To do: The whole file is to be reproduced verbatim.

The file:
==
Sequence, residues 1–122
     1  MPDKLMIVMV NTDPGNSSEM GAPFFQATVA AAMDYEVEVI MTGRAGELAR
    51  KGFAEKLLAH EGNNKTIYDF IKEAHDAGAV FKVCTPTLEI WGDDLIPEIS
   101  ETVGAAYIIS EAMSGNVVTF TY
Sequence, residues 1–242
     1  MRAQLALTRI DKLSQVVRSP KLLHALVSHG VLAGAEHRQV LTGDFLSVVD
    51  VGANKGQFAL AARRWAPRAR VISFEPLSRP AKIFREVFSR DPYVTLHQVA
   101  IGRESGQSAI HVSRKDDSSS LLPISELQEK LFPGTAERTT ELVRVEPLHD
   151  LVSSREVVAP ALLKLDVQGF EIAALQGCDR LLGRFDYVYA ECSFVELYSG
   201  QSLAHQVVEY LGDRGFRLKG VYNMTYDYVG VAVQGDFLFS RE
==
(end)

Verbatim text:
Sequence, residues 1–122
     1  MPDKLMIVMV NTDPGNSSEM GAPFFQATVA AAMDYEVEVI MTGRAGELAR
    51  KGFAEKLLAH EGNNKTIYDF IKEAHDAGAV FKVCTPTLEI WGDDLIPEIS
   101  ETVGAAYIIS EAMSGNVVTF TY
Sequence, residues 1–242
     1  MRAQLALTRI DKLSQVVRSP KLLHALVSHG VLAGAEHRQV LTGDFLSVVD
    51  VGANKGQFAL AARRWAPRAR VISFEPLSRP AKIFREVFSR DPYVTLHQVA
   101  IGRESGQSAI HVSRKDDSSS LLPISELQEK LFPGTAERTT ELVRVEPLHD
   151  LVSSREVVAP ALLKLDVQGF EIAALQGCDR LLGRFDYVYA ECSFVELYSG
   201  QSLAHQVVEY LGDRGFRLKG VYNMTYDYVG VAVQGDFLFS RE